“I am so proud of content development, whether in film or series and how our content travels globally. In the last decade, women have made their mark in the industry and have been an integral part of the change,” adds Shomali.
Recently, Desert Rose Films (DRF), home to the untold stories and hidden heritage of the Middle East, has revamped its online hub featuring original, independent and female-led productions as well as a mentorship scheme for rising talents of the region.
“We are giving women in the region a voice both in front of and behind the camera – creating a movement of organic, dynamic and compelling storytelling from a new perspective. Our commonalities unite us and our diversity emboldens us,” said Nancy Paton, founder of DRF.
Making a more universal point, Al Khaja says the #MeToo movement has made real and meaningful differences for women. “I am proud to make a difference, tell stories, and direct movies in a male-dominated industry. The #MeToo movement showed that women in the industry have a voice, and we matter. Although it wasn’t directly about gender equality, it did highlight the imbalance between the sexes. It brought attention to the importance of inclusion of all ethnicities, genders, and backgrounds.”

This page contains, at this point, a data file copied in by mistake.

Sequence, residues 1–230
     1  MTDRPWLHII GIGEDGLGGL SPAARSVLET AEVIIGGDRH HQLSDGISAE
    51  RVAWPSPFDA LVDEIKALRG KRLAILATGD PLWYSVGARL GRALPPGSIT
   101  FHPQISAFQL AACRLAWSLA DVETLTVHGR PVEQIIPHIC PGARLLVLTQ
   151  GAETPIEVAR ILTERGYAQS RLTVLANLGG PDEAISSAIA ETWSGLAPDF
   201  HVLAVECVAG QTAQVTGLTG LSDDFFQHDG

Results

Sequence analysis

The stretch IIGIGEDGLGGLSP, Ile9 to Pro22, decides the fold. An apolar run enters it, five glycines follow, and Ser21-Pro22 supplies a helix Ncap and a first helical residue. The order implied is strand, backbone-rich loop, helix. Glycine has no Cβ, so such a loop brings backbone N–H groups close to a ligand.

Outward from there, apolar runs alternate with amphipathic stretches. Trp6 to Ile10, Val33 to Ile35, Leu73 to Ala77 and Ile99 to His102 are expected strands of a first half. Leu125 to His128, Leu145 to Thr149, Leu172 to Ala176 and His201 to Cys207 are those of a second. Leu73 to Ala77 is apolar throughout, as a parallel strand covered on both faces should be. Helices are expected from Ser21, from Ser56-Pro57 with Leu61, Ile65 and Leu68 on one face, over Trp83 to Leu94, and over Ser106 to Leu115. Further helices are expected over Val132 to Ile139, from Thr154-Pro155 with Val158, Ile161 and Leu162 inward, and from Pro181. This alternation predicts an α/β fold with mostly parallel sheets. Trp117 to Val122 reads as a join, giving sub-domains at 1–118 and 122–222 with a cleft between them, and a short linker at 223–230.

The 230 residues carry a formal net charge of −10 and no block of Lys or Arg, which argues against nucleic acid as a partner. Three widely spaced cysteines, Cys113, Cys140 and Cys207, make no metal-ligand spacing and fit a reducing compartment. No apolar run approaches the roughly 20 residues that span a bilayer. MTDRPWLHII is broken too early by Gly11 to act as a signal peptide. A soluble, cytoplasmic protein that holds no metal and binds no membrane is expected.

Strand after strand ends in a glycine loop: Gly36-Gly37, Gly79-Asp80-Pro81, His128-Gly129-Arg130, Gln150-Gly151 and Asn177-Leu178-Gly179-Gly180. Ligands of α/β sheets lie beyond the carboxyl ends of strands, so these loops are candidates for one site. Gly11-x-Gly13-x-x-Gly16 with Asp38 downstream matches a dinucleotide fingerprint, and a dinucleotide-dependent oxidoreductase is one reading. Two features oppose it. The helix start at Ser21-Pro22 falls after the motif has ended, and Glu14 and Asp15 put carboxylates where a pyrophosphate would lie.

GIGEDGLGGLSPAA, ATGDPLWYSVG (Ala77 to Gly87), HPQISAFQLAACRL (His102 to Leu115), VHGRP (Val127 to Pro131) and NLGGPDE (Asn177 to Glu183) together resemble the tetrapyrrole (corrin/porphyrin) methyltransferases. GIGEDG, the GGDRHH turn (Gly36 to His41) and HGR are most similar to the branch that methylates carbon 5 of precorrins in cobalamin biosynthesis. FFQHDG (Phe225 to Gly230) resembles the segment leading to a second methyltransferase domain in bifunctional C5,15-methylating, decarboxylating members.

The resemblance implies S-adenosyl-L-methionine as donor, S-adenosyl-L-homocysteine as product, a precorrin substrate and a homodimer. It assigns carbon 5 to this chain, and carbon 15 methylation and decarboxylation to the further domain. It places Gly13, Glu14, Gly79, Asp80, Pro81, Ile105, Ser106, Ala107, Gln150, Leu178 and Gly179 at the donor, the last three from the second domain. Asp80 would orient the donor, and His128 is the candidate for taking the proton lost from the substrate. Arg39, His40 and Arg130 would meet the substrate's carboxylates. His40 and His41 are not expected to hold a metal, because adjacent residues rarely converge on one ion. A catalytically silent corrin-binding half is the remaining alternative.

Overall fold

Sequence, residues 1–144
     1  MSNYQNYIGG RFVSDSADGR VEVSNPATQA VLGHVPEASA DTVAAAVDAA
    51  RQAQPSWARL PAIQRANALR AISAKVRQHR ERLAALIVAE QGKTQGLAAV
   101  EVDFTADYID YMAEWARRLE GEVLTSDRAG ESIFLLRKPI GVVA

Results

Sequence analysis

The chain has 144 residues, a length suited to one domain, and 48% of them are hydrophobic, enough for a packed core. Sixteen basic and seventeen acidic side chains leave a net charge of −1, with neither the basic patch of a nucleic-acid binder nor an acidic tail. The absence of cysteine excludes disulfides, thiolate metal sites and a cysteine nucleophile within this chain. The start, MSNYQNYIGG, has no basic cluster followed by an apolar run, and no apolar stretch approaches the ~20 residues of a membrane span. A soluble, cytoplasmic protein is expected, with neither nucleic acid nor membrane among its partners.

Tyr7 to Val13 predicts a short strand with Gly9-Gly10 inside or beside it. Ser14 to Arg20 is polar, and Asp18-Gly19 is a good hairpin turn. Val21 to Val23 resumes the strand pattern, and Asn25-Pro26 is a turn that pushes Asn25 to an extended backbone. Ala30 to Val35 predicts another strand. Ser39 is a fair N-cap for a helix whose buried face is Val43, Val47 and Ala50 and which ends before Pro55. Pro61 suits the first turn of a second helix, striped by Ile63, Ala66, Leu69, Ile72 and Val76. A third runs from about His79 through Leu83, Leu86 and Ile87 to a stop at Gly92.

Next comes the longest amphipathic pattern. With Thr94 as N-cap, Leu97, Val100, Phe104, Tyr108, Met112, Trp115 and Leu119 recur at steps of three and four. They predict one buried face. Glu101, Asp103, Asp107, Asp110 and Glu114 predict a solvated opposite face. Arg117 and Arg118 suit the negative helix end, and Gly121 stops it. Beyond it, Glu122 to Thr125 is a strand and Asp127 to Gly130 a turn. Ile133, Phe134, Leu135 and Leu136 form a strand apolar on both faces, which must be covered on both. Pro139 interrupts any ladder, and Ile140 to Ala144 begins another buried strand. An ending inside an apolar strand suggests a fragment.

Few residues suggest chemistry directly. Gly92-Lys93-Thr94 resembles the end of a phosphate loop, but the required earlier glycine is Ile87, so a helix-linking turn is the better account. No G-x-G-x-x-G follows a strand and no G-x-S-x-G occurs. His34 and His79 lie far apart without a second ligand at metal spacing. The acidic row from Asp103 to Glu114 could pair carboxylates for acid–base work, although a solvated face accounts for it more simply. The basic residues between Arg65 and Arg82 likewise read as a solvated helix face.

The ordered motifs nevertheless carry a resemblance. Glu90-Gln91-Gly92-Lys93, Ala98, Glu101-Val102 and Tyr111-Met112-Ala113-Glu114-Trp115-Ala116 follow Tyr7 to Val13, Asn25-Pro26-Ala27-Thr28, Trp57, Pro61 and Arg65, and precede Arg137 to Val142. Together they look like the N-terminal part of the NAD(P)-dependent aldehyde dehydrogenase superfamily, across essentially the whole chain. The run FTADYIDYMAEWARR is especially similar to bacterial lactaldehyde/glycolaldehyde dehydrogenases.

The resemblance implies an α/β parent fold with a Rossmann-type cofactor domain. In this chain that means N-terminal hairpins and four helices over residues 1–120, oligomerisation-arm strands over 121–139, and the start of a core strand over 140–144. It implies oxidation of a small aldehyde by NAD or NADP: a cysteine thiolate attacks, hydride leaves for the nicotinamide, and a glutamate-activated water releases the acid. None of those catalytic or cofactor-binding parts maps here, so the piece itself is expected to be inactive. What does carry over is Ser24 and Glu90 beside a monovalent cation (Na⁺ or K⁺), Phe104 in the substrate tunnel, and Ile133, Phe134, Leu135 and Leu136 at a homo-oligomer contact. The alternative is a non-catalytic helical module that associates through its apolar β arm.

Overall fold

“Arab women now are producing some stunning films, and their voices are heard from far and beyond,” continues Al Khaja. “Platforms such as Netflix have also been instrumental in democratizing content distribution and purchase power. Studios are no longer the only option.”
Asked if even the star female players of Arab cinema suffer from the same problem as their Western counterparts – translating their filmmaking into commercial success, Al Khaja says, “Commercial success depends on how entertaining the movie is. It has to appeal to a mass audience. Many factors – is the story relatable? Is the director good? What genre? – contribute to a film’s success. Commercial success can also come from showing a film to various film festivals and winning awards. Success doesn’t depend on gender.”
Of course, there is still a long way to address under-representation, but with the growing number of women in the creative industries, we can look forward to a future for Arab film where the talent of women shine more. Will women be able to seize the chance to dominate the film industry? Is change happening fast? “Change is happening, but it is extremely slow and will take time,” says Al Khaja.